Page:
While we should always be grateful for small mercies, the Victorian Farmers’ Fund milk deal between supermarket retailer Coles, processor Murray Goulburn and a “reluctant” peak state farmers’ body is a worry.
The Victorian Farmers Federation and Coles have signed off on a venture to sell Farmers’ Fund branded milk supplied by Murray Goulburn designed to generate a “guaranteed 40 cents from every two litre bottle” to go to a special fund.
Money raised will be used in Victoria for grants to farmers for dairy infrastructure, education or expert advice “to help build more viable farm businesses”.
Coles has kick-started the Farmers’ Fund with a lazy $1 million sweetener.
Some in the industry and outside it might be reacting a tad cynically.
Dairy producers in Victoria have taken a financial beating from milk processors, with their co-operative Murray Goulburn front and centre.
Earlier this year, Australia’s biggest processor slashed fresh milk prices and began clawing back money paid to producers from July 1 the previous year.
The average family farm payback is reportedly $120,000.
The company set up a loan assistance scheme that no one wanted.
This week it announced it was reviewing its response to the economic chaos it had caused during the past six months – which is about time, and a welcome step.
Coles continues to sell its supermarket house brand milk disturbingly cheaply, at $1 a litre, which continues to put downward pressure on farmgate price contracts.
Therefore, not surprisingly the Farmers’ Fund licensee, the Victorian Farmers’ Federation, says its relationship with Coles is not really that close.
Arguably a couple of the parties applying the economic band aid to help farmers are those who actually delivered the beating.
Dairy Connect, naturally, supports the concept of the Victorian Farmers’ Fund milk program and wishes producers who apply for grants every success.
What the fund fails to address, however, are systemic problems crying out to be fixed.
These challenges include:
- The unfair amount being paid for fresh milk at the farm gate.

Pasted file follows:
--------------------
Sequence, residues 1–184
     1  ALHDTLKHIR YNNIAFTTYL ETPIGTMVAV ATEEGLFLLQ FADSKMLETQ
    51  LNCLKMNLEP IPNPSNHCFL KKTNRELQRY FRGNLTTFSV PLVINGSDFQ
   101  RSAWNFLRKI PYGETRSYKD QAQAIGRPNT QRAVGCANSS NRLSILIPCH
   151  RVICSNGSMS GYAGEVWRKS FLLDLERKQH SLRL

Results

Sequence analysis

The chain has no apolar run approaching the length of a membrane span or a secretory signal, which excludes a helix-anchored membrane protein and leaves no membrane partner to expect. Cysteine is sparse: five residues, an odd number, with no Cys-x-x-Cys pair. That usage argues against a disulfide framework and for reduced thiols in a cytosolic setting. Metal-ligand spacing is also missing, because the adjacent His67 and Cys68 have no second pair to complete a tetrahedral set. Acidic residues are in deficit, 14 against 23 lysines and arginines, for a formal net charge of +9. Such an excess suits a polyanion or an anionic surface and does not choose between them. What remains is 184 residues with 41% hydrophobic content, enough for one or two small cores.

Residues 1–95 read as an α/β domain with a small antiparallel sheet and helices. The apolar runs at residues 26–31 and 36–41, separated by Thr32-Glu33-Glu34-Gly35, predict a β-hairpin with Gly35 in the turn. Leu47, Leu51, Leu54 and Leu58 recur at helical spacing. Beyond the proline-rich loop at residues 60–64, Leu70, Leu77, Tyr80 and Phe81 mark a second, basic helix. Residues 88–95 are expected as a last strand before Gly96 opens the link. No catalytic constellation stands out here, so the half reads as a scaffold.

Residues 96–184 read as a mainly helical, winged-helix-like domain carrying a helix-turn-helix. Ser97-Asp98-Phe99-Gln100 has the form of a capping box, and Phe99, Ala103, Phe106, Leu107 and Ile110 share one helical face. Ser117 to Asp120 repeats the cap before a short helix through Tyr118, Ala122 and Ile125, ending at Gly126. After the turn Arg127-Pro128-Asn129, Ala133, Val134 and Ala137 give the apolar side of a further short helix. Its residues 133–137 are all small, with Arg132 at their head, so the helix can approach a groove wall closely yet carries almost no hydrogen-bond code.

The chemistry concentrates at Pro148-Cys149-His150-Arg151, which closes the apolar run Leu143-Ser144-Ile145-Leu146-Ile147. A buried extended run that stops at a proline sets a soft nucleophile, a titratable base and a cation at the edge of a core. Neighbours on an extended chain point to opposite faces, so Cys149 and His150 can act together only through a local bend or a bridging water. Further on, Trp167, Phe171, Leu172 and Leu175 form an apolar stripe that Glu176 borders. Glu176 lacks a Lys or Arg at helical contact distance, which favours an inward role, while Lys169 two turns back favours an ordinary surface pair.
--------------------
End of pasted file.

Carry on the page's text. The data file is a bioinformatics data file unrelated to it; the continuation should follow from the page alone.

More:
- One-sided milk supply agreements which reduce farmers to the role of serfs in a 21st century feudal economy.
- Agreements that demand exclusive supply but fail to deliver price or volume certainty for producers.
We need a mechanism which ensures the certainty of price and volume.
We need the mechanism to ensure that dairy farmers can sell their excess milk without being subject to restrictive and unfair clauses in their milk supply agreements.
Let’s have a look at overseas models such as the Diary UK’s Voluntary Code of Practice.
We need to start somewhere and we need unity of purpose and voice.
Perhaps it is time for dairy farmers to be given a minimum percentage amount of the retail price paid for their milk – would this not be fair?
Would this not be a more equitable response by processors and retailers to the farms and their families that supply the milk and ensure that the consumer is buying any branded milk that will see the dairy farmers be appropriately compensated.
Dairy Connect has welcomed Deputy Prime Minister and Agriculture Minister Barnaby Joyce’s instruction to the Australian Competition and Consumer Commission to go hard in reviewing relationships all along the dairy value chain.
Arising from this is the opportunity, with unity of purpose on all sides, to create an equitable, commercially realistic, whole-of-industry solution.
This may be the way forward to obtain that ‘fairness’, that ‘transparency’ and that ‘equity’ that we are all talking about.
Shaughn Morgan is chief executive officer of Dairy Connect.
The story A band aid from those who delivered the cheap milk beating? first appeared on The Land.